The Quietus is Here image

The Quietus is Here

In P.D. James’ brilliant and chilling novel, The Children of Men, the elderly and infirm, a burden on a dying society, are forced to take part in a ‘quietus’ – a choreographed suicide by drowning. It seems the quietus might be upon us.

A decision made by the British Supreme Court in July opens the way for thousands of infirm people to be ushered towards a hidden quietus. Dr Peter Saunders explains,

Patients with permanent vegetative state (PVS) and minimally conscious state (MCS) can now be effectively starved and dehydrated to death if the medical staff and relatives agree that this is in their ‘best interests’.

People with PVS (awake but not aware) and MCS (awake but only intermittently or partially aware) can breathe without ventilators but need to have food and fluids by tube (clinically assisted nutrition and hydration or CANH).

These patients are not imminently dying and with good care can live for many years. Some even regain awareness. But if CANH is withdrawn, then they will die from dehydration and starvation within two or three weeks.

Under the old rules, in order to withdraw CANH from such patients, it was necessary to apply to the Court of Protection. Only about 100 such applications have been made in more than twenty years. Under the new rules, no such application is needed and this opens the way for a quiet culling of thousands of patients.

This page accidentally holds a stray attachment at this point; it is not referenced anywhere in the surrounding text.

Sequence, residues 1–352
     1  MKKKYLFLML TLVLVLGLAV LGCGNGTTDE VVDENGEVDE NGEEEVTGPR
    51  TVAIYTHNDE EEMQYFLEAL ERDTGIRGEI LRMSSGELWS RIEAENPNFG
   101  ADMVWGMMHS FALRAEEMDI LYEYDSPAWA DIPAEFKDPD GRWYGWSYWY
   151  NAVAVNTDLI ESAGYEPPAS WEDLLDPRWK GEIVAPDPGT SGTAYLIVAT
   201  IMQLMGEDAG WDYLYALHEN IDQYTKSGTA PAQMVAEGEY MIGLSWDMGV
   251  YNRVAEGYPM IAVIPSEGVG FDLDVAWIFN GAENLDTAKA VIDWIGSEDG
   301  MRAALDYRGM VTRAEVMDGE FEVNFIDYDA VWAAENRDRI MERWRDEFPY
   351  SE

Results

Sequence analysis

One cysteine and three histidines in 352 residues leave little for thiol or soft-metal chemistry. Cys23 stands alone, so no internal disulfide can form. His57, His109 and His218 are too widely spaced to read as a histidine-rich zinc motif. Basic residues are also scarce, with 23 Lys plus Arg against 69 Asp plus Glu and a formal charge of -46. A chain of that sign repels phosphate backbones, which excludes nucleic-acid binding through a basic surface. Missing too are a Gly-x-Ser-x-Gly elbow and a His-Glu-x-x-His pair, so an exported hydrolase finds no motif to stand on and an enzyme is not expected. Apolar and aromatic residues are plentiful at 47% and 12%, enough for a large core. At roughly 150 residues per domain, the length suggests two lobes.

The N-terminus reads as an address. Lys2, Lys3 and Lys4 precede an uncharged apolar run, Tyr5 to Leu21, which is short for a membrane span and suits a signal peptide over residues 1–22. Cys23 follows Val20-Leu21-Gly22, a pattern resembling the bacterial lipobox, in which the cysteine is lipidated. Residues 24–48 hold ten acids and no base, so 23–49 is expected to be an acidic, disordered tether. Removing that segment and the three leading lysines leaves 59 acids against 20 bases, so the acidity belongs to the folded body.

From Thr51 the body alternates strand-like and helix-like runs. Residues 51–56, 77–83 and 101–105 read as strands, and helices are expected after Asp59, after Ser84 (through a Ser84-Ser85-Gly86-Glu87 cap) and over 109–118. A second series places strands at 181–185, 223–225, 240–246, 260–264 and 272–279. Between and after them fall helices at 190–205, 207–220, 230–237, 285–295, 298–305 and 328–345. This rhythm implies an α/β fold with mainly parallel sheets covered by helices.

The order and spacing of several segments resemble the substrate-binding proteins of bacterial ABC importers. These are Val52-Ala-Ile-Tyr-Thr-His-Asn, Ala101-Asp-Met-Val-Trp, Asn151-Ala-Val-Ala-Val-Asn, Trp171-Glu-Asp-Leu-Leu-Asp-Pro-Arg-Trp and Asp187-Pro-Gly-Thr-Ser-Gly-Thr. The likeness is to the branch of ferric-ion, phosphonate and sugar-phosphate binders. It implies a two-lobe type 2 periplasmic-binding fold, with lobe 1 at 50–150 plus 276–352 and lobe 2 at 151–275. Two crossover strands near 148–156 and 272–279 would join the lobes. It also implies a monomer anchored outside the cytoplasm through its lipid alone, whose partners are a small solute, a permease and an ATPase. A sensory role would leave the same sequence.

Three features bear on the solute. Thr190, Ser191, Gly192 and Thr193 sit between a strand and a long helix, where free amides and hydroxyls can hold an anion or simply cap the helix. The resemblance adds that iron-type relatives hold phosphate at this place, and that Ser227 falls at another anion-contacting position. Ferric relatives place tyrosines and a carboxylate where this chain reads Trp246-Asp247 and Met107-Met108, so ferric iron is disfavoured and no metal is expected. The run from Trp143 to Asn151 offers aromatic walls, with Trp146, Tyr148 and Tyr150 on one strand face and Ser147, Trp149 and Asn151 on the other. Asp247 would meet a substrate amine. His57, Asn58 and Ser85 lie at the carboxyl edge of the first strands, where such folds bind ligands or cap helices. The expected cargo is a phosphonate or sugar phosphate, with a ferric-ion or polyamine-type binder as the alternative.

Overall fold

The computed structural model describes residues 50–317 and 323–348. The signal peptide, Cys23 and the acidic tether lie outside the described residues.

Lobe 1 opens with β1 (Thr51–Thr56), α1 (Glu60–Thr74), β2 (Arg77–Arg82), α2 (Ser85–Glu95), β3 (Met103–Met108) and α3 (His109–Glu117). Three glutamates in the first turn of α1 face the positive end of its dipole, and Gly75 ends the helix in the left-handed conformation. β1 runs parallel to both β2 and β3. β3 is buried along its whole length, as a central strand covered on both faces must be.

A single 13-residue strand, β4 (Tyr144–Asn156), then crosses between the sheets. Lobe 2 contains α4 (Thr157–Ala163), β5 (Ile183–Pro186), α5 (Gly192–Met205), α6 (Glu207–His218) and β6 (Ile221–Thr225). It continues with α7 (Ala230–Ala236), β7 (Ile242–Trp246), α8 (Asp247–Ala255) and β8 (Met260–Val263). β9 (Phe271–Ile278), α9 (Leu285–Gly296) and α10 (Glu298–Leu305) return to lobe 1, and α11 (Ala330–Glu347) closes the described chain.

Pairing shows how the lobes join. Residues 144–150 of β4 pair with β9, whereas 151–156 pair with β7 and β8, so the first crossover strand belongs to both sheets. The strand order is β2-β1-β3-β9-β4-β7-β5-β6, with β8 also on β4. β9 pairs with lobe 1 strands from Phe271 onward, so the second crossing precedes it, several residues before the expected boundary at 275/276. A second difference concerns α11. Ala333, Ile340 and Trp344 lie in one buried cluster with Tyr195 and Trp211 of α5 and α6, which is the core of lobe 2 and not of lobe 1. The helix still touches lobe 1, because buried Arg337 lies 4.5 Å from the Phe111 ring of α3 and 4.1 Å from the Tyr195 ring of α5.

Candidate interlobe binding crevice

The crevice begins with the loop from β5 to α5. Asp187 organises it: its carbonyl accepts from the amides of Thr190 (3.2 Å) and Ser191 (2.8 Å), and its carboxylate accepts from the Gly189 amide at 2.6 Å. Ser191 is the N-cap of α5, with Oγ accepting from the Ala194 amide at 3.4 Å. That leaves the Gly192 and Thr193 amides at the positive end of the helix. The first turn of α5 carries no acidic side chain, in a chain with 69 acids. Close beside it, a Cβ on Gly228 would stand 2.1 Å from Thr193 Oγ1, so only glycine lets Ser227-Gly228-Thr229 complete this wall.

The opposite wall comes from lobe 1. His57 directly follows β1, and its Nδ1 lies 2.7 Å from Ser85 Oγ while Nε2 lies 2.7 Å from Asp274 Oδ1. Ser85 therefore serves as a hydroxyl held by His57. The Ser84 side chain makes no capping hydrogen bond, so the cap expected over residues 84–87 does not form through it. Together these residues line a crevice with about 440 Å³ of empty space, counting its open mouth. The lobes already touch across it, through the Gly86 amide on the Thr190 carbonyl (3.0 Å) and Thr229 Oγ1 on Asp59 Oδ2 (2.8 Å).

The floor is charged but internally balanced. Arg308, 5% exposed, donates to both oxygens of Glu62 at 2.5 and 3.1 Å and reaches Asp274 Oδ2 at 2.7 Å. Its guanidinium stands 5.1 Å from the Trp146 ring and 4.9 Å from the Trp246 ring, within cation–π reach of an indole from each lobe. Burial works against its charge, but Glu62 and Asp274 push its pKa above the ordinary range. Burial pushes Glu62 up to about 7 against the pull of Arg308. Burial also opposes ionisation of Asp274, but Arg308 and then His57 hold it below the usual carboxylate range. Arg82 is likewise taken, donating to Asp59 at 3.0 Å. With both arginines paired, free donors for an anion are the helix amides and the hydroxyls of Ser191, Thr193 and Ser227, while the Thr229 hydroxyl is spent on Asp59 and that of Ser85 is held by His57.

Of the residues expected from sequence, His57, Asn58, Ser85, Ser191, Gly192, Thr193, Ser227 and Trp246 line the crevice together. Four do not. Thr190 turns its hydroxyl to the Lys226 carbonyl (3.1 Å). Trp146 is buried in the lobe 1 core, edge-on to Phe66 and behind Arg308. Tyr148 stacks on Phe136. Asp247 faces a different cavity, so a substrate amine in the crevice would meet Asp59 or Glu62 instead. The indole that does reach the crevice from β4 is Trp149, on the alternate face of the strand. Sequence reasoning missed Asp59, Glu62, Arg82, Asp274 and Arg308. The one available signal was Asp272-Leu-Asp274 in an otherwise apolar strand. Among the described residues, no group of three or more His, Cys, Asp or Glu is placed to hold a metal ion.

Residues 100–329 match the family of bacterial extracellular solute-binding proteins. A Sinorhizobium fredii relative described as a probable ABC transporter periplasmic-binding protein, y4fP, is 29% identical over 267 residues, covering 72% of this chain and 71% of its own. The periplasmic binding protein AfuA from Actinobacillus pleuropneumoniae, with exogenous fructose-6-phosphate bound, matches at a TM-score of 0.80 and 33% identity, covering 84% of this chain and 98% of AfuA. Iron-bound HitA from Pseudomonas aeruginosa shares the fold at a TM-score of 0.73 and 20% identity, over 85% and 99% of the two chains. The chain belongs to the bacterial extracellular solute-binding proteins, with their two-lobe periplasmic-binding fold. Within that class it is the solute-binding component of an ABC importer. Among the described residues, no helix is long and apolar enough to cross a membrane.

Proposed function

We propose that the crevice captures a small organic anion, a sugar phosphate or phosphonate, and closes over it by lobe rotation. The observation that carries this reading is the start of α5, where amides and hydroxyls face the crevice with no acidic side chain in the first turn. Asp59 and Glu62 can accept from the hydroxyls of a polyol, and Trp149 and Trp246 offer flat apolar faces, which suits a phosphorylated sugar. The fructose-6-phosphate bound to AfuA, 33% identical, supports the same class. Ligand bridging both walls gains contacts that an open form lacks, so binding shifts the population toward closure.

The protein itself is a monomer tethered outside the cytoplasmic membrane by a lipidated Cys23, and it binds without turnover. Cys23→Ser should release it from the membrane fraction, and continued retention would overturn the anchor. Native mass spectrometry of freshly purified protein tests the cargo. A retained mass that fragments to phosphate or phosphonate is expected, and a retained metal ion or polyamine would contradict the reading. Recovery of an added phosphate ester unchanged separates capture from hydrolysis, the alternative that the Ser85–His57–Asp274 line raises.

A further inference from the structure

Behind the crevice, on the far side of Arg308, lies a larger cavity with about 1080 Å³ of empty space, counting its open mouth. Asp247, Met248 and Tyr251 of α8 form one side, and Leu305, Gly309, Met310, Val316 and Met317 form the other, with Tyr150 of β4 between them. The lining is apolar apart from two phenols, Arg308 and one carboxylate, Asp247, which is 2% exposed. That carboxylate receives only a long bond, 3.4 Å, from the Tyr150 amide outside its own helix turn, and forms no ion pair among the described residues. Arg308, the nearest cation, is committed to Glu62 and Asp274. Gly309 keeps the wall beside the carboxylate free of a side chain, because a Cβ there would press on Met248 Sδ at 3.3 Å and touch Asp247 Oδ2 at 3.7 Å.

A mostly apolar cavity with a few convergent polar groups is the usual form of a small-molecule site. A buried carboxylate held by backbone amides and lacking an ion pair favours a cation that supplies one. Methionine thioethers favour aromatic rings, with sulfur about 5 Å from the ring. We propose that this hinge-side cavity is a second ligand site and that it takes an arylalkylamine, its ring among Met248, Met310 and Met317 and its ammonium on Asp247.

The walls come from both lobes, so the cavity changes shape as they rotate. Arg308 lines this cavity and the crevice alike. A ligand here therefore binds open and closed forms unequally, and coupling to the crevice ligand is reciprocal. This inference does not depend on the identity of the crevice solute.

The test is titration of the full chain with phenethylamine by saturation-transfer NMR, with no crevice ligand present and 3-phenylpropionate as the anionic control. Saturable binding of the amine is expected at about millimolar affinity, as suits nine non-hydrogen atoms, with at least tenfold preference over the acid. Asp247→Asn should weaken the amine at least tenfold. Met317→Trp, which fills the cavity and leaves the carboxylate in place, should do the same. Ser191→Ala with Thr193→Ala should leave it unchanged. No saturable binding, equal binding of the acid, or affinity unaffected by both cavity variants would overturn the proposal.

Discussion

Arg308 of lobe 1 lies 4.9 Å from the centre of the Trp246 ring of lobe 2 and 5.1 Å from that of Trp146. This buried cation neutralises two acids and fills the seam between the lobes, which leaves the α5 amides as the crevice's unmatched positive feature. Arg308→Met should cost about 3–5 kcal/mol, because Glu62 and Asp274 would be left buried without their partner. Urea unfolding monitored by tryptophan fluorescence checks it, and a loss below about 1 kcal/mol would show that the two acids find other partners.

It is unknown exactly how many patients with PVS and MCS there are in the UK but the figure is likely to be between ten and twenty thousand. These patients represent a considerable financial cost to the health system and it is not hard to imagine that – dressed up in humanitarian claims – withdrawing CANH might increasingly be seen as the right thing to do.

This outcome is made more likely by the fact that there is no requirement to list withdrawal of CANH as a cause of death on the death certificate. Instead, the underlying cause of the PVS/MCS can be given. This means that there will be no record of how many patients are dying as a result of withdrawal of CANH, which is bad policy in terms of data collection and makes abuse far more likely. In Belgium, where euthanasia is legal, withdrawal of CANH is recorded as cause of death so that accurate data is collected. Can it be right that the UK is falling behind even this standard?

This is all the more troubling as new research shows that patients with PVS and MCS are not necessarily as unaware or beyond recovery as is often supposed. In fact, four in ten people who are thought to be unconscious are actually aware and one in five people with severe brain injury from trauma will recover to the point that they can live at home and care for themselves without help. This means that the term permanent vegetative state is inaccurate and should be dropped.

The Supreme Court ruling has not attracted much attention. Indeed, when it was reported it was largely in tones of ‘these people are already effectively dead and this will make it easier for everyone concerned.’ But it is not like that. It is euthanasia by the back door, decided by court rather than Parliament. It is a quietus waiting to happen.


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